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Andy Hodges

Ripley affected lives of kids in Arkansas off the court far more than wins

Legendary coach Charles Ripley passed away Sunday at the age of 74, but he will be remembered and missed more for what he did for players off the court.



Charles Ripley got a lot of credit for turning Little Rock Parkview into a national basketball powerhouse starting in the 1980’s but what he really accomplished was much, much bigger.

What he did for countless kids in Little Rock by simply caring for roughly half of a century is his legacy.

Ripley, 74, passed away in Little Rock on Sunday after struggling with health issues the last couple of years.

Ripley turned the Patriots from a good program in the 1970’s to a national powerhouse in the ’80’s. He tried his hand at the junior college level taking over Westark (now Arkansas-Fort Smith) but that wasn’t his deal.

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He later served as athletics director at Arkansas Baptist and helped former Parkview player Keith Jackson establish the P.A.R.K. program after his retirement from a long NFL career.

“The thing we loved about Ripley when we were in high school was that we’d always get a good meal,” Razorback legend Sidney Moncrief said when he was part of the class of the OneRock Hall of Fame a couple of years ago. “After Saturday’s practice, he would always feed us.”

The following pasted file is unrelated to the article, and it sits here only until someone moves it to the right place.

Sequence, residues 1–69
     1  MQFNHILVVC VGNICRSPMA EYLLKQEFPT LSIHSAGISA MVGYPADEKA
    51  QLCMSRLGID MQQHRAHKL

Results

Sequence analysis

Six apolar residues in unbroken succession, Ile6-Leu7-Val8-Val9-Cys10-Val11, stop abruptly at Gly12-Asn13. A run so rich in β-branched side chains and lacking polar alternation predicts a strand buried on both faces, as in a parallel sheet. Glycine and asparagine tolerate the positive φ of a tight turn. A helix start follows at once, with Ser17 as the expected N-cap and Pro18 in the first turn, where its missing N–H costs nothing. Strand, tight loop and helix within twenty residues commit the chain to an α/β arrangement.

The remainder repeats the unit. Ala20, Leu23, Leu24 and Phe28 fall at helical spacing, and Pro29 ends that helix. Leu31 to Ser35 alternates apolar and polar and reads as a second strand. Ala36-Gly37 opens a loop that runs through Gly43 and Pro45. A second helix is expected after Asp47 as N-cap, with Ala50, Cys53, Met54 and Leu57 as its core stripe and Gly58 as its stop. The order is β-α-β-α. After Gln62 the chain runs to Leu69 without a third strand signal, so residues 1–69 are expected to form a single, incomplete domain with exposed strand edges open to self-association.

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Moncrief didn’t play at Parkview. His high school career was at Hall in Little Rock. Former Arkansas coach and player Houston Nutt spent a lot of time at the Parkview gym, too, despite playing at Little Rock Central.

“He has given his life and time to young people,” Nutt said at a fundraising event in 2014. “He has totally devoted every ounce of energy, every minute, to those young people. He has been a mentor, a counselor, a friend. He has done so much.”

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Ripley was a surrogate father to many kids in Arkansas that never met their biological father.

He made sure they had food, clean clothes and got where they were supposed to be when they were supposed to be there.

While he never married, “Coach Rip” had too many kids to name.

They became his kids because he wanted them to be.

And that, more than the big number of wins his basketball teams produced, is what defined a real Arkansas legend.


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